Medical laboratories now taking the steps to deliver patient-centric lab testing services report solid successes in improving patient/physician satisfaction, increasing lab revenue, and gaining more network access
Evidence is accumulating that “patient-centric” medical laboratory testing services are poised to become one of the most important new paradigms to reshape the house of pathology and clinical laboratory medicine in decades. Better yet, patient-centric lab services will earn more revenue for those labs that move fastest to incorporate these capabilities into their service mix.
“The paradigm of patient-center lab testing services couldn’t come at a better time for the clinical laboratory industry. Most labs are reeling from what is now nearly a full decade of successive and painful reductions in lab test prices and lab budgets,” observed Robert Michel, Editor-in-Chief of The Dark Report, which is Dark Daily’s sister publication. “After years of aggressive cost-cutting, most labs are down to the bare essentials and staff is overworked. That is why there is an urgent need for an operational and clinical strategy that will earn more payment from payers.
Progressive Clinical Laboratories Are Becoming Patient-Centric
“The good news is that a small, but growing, number of clinical labs and anatomic pathology groups are busy transforming their traditional volume-based labs into patient-centric labs and, as they do, they are being rewarded,” continued Michel. “We see labs that are first to the table with patient-centric services being financially rewarded in two ways.
“First, there are hospital and health system labs currently offering patient-centric services to their parent organizations and measuring the improvement in patient care,” he explained. “As hospital administrators (particularly the CFOs) recognize that patient outcomes are improving and the overall cost per episode of care is declining in response to the lab’s first round of patient-centric services, they increase the lab budgets to enable their lab teams to implement a new round of patient-centric services that involve a different disease or health condition.
Two Ways That Patient-Centric Medical Laboratories Increase Revenue, Profits
“Second, medical labs that introduce patient-centric services in the ambulatory and outreach settings directly increase their revenue in two primary ways,” noted Michel. “The first way is actually a fast-track to improve net collected revenue. These labs implement patient-centric capabilities designed to improve the accuracy of incoming lab test orders (which contributes to more clean claims and faster payer settlements), and to also recognize individual patients at time-of-service so that co-pays, deductibles, and out-pocket fees—and even overdue amounts—can be collected directly from the patient.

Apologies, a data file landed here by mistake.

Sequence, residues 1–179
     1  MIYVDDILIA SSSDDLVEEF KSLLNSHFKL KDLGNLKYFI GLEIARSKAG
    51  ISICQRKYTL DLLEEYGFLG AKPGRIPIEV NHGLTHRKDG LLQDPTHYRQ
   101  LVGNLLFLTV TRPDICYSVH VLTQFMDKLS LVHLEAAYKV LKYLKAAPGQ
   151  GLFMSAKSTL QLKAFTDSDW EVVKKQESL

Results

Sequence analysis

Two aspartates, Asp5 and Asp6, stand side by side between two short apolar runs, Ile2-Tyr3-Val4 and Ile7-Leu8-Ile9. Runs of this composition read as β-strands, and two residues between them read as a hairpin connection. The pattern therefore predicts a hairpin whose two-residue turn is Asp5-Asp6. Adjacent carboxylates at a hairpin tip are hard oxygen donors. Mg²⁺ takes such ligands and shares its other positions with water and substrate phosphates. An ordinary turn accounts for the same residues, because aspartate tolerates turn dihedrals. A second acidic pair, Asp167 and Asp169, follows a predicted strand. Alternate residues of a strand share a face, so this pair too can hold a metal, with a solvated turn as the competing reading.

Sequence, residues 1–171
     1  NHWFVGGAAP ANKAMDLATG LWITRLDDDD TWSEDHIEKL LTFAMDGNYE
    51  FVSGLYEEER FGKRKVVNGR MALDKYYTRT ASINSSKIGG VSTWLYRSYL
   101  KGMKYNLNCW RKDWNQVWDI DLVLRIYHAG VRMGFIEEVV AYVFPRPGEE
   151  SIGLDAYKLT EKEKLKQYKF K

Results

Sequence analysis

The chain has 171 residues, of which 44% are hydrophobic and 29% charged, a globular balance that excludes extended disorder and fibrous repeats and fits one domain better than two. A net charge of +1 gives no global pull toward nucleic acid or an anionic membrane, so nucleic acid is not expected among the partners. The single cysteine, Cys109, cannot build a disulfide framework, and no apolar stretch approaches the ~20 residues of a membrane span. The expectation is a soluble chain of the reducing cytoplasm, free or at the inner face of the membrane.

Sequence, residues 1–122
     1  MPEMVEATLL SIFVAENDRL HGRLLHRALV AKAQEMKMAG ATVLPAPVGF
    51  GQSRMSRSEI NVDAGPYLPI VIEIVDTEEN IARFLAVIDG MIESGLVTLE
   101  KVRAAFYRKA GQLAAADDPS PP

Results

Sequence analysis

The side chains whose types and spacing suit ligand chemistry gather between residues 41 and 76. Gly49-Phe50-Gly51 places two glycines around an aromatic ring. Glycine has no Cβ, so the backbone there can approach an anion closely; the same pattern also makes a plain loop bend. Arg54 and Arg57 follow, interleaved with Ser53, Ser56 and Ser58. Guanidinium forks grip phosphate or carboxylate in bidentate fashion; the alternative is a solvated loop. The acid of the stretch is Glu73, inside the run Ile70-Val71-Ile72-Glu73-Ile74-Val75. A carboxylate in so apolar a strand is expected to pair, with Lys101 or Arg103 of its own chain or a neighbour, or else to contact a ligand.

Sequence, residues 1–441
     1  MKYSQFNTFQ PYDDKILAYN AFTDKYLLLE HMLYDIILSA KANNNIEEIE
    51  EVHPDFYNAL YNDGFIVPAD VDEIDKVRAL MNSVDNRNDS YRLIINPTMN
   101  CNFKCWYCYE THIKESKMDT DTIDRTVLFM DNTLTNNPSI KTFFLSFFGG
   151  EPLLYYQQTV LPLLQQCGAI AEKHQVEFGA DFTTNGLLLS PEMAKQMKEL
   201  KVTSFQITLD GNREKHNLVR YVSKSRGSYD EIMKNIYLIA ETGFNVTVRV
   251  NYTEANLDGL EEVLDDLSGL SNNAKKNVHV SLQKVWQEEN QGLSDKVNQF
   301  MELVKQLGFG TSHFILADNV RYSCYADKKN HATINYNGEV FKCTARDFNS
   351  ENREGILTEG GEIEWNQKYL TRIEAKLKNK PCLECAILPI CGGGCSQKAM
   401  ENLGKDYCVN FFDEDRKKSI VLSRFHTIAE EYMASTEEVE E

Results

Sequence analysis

“The second way that labs increase their collected revenue via the introduction of patient-centric services takes a bit longer and comes from improved managed care payments,” he stated. “As labs collect the data that demonstrate how patient-centric lab testing services contribute to improved patient outcomes, reduce utilization of unnecessary or duplicate tests, and enable physicians to deliver precision medicine to the health insurer’s beneficiaries, this data is used during contract and network negotiations with health insurers to demonstrate why the insurer should pay the lab more because of the value realized by the lab’s patient-centric services.”
Special Opportunity to Learn More about Patient-Centric Lab Services
The Dark Report has identified several organizations that have been early to develop patient-centric services. For example, at 941-bed Huntsville Hospital, in Huntsville, Ala., the clinical laboratory recognized how improving the accuracy of incoming lab test orders from its lab outreach clients would improve revenue and efficiency in multiple ways. However, to do that, it needed information technology (IT) tools to interface with the laboratory information system (LIS) and existing software systems to enable patient-centric algorithms and similar capabilities.